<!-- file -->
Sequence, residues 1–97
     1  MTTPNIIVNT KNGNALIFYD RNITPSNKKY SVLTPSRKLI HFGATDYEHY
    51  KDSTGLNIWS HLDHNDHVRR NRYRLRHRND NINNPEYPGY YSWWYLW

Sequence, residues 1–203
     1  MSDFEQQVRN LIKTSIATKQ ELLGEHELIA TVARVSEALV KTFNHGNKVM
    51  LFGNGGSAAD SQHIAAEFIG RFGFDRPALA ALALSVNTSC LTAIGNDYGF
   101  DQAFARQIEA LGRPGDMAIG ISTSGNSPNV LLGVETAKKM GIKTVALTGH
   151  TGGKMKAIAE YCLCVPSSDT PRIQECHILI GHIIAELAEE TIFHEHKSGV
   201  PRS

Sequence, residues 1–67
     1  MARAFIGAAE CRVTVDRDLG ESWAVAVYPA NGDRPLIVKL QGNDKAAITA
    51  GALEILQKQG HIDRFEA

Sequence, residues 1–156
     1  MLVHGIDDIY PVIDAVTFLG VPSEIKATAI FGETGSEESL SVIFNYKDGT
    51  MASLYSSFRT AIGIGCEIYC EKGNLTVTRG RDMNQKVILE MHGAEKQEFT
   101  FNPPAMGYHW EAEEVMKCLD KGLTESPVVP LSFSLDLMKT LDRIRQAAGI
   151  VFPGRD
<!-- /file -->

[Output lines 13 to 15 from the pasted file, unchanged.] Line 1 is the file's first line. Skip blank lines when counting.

Sequence, residues 1–156
     1  MLVHGIDDIY PVIDAVTFLG VPSEIKATAI FGETGSEESL SVIFNYKDGT
    51  MASLYSSFRT AIGIGCEIYC EKGNLTVTRG RDMNQKVILE MHGAEKQEFT